Meet a great art mecca: The United States

“Villa America: American Moderns’ shows the scope and variety of American art

Katrina Wilber

In terms of the artistic hierarchy of the early 20th century, one would think that Europe ” and its meccas, London and Paris ” would claim the top spot.

After all, countless writers, painters and poets traveled overseas to study in England, France and Spain. America’s greatest performers, authors and artists took up residency throughout Europe.

Who would have thought that ” thanks to two world wars, dramatic social change and a severe economic depression ” New York would leave Paris in the dust and become the art capital of the world?

“Villa America: American Moderns, 1900-1950” gives a chronological insight to this development of modern art in America and including the works of such luminaries as Stuart Davis, Gerald Murphy and Georgia O’Keeffe.

This 85-piece exhibit is merely a fraction of the collection of American modern art owned by Myron Kunin, a Minneapolis native and lifetime trustee of the Minneapolis Institute of Arts.

“We wanted the exhibit because it’s from a fantastic collection,” said Sue Canterbury, an associate curator in the institute’s painting department. “It’s one of the most important collections that focus on the works of early American modernists.”

These artists found it vital to rebuff anything European in trends and training. O’Keeffe wouldn’t even travel abroad, let alone study in Europe.

“There was a real concern within some artistic sectors about how to create a completely American art form,” Canterbury said. “They didn’t want to be beholden to the European artists.”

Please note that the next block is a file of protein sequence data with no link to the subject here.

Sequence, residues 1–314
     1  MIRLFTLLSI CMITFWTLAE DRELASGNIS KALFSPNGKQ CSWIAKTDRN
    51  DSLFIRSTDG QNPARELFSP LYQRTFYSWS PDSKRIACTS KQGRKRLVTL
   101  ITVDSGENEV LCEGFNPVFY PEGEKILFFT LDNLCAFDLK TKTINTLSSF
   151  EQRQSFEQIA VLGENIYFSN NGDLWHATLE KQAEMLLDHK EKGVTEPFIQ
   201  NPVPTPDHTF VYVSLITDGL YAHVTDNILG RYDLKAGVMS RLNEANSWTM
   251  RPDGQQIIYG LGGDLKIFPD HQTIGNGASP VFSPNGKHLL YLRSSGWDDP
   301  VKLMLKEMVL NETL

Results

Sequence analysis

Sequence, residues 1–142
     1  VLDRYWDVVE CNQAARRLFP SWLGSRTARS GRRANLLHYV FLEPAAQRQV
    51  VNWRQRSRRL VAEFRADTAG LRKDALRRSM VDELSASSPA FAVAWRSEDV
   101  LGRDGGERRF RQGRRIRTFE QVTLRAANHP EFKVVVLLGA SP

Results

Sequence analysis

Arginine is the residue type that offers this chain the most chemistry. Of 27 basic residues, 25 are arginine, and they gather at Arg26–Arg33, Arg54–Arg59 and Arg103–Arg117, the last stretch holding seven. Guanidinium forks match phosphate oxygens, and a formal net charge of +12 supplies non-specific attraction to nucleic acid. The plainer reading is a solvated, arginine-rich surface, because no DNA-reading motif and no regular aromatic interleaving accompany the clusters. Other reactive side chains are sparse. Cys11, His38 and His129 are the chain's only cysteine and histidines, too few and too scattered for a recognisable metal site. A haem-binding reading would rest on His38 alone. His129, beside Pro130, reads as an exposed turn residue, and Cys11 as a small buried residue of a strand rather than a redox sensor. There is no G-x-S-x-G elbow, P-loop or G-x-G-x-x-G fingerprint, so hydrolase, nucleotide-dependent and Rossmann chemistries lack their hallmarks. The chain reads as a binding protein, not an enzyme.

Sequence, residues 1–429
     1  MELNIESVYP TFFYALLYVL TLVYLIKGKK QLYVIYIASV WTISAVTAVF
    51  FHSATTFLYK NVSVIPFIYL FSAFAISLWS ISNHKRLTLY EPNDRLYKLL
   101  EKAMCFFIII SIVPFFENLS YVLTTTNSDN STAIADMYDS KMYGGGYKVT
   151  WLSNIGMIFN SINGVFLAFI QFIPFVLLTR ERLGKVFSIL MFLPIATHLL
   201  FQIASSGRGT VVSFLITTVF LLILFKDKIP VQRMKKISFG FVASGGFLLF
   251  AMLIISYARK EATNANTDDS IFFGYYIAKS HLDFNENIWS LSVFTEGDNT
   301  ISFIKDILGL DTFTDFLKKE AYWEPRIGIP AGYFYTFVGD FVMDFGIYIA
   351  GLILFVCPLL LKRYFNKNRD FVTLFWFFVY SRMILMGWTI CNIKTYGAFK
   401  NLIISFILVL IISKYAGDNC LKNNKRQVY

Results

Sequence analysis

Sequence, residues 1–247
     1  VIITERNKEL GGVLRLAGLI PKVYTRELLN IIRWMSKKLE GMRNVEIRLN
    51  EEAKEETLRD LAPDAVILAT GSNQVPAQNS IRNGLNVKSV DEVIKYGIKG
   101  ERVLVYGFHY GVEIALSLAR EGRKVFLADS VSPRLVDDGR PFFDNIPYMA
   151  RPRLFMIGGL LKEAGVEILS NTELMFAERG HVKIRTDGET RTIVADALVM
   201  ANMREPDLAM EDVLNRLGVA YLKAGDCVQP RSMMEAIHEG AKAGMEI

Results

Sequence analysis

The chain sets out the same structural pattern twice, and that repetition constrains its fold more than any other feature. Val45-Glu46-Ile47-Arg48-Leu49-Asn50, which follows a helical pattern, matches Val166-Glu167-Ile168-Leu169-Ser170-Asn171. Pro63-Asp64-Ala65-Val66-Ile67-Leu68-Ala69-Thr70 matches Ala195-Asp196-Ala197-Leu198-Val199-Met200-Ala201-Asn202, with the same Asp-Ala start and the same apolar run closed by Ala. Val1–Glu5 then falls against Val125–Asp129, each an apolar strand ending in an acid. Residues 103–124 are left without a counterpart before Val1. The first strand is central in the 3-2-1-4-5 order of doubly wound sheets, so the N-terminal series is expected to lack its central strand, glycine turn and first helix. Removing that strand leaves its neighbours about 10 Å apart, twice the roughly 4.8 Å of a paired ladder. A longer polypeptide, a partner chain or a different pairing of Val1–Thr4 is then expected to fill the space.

The exhibit covers 50 years of American artistic ingenuity. Fifty years is a long time, especially in the art world. Methods and styles change quicker than you can say “Picasso.” The institute acknowledges this by dividing the exhibit into five categories: “American Moderns,” “The Artist’s Portrait,” “In the Studio,” “Return From Bohemia” and “The American Scene.”

“Otherwise, it becomes difficult to tell the story chronologically because of the many stylistic trends,” Canterbury said.

Despite the assistance of categories, it’s often difficult to see the connection within a category. Cubist-inspired paintings with disproportionate subjects are almost next door to a brightly colored painting of overlapping shapes.

Even the portraits and self-portraits showcase numerous styles. One portrait uses light, realistic hues, while another plays with sharp angles and furious blacks and grays.

“It’s a chance to show a select slice of American modern art,” Canterbury said. “It’s a dynamic collection.”